October 04, 2012
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Food Safety Update: Holding the government to account on the XL Foods tainted meat crisis
As Opposition House Leader, Nathan Cullen is working hard alongside of his NDP colleagues to hold the Conservative government to account on its dismal food safety record. The current crisis of e.coli-contaminated beef products and the tragic 2008 listeriosis crisis in Maple Leaf products are linked to the near-annual budget cuts and regulatory changes by both this Conservative and the preceding Liberal governments.
The Conservatives continue to stand in the House and launch baffling, fact-free attacks at the NDP, while claiming they never cut funding or staff from CFIA in recent budgets. Food safety and quality has been comprised for the sake of faster production lines. Just this past week, news surfaced -- by way of an official memo -- that inspectors were actually told to ignore contamination on carcasses, putting Canadians' health at risk.
The Report on Plans and Priorities for the Canadian Food Inspection Agency, which was signed and tabled by the Minister of Agriculture himself on May 8th, 2012 states, “planned spending is declining by approximately $46.6 million and 314 FTE’s [Full Time Employee’s] from 2012–13 to 2014–15.”
Because of this government's mismanagement, inspectors now inspect paperwork instead of food. Self-regulation is now the norm in food safety – companies are expected to manage food safety themselves with the government checking their reports. Nathan and his New Democratic Party colleagues know that this isn’t enough to ensure that Canadians are safe. They are fighting against the cuts to the CFIA.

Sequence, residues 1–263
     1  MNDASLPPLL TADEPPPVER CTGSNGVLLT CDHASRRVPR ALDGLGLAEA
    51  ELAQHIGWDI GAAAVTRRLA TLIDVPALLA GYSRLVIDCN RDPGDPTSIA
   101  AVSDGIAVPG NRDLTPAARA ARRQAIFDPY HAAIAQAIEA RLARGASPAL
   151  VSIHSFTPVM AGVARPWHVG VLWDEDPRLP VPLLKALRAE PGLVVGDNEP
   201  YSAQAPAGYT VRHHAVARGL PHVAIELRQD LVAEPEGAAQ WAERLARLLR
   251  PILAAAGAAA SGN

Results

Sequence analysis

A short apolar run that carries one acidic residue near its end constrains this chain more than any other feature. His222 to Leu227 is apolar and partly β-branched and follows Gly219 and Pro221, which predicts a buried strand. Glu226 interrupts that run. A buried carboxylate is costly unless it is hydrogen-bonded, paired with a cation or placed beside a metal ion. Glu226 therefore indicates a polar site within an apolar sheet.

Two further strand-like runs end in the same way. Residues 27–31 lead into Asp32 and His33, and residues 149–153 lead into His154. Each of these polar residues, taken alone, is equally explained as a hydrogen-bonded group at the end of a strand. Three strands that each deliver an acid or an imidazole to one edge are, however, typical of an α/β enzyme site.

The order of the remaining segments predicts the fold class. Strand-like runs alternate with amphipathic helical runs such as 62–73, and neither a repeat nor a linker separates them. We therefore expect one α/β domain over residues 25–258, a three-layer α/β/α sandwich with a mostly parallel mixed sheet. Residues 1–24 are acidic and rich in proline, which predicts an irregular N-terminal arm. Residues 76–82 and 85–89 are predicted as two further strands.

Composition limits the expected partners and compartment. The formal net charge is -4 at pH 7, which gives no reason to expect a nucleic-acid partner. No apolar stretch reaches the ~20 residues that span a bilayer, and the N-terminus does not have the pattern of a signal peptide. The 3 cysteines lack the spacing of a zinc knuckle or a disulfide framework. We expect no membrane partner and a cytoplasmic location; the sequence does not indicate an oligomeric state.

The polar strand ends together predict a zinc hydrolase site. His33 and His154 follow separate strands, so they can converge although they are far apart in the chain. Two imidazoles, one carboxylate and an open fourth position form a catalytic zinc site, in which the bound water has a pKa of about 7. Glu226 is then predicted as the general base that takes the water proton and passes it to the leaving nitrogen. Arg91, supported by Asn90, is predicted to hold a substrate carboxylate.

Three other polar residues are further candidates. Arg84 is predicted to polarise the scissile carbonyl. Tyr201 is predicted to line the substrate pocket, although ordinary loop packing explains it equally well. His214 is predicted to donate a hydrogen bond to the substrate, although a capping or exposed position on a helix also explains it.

The NDP has called for Agriculture and Agri-Food Minister Gerry Ritz to resign over his handling of this critical issue. The Minister’s continued insistence on self-regulation and refusal to listen to workers’ concerns at the XL Foods plant, concerning sanitation and management, make it all the more clear that he needs to resign.
“The Minister needs to be talking to the people on the ground. He needs to understand the problems at this plant and needs to be honest with Canadians,” said Malcolm Allen (Welland), NDP Agriculture and Agri-food critic. “Canadians have lost confidence in the Minister. They’re tired of Conservative excuses and inaction and it’s time for him to step down.”
The union representing workers at the XL Foods plant in Brooks confirmed that workers have been scared into refusing to report food safety issues at the plant. Among these serious concerns is a failure to properly clean knives on the production line and a processing speed that has been allowed to get far too fast.
About the recall of products processed at XL Foods' Lakeside Packers
XL Foods' Lakeside Packers plant, based in Brooks, Alberta, processes about 40% of the beef in Canada. Why did it take two weeks for a recall to be implemented when the government knew about the problem on September 3rd (the recall started on September 16th and has since been expanded)? With 481 employers of the CFIA having received `affected` notices, is the government planning to eliminate even more of these critical jobs? This is surely of great concern to beef producers and the 2900 employees who work at that plant and they deserve better oversight from this government.
Read the latest details of the recall and view the complete list of recalled products on the Canadian Food Inspection Agency web site.
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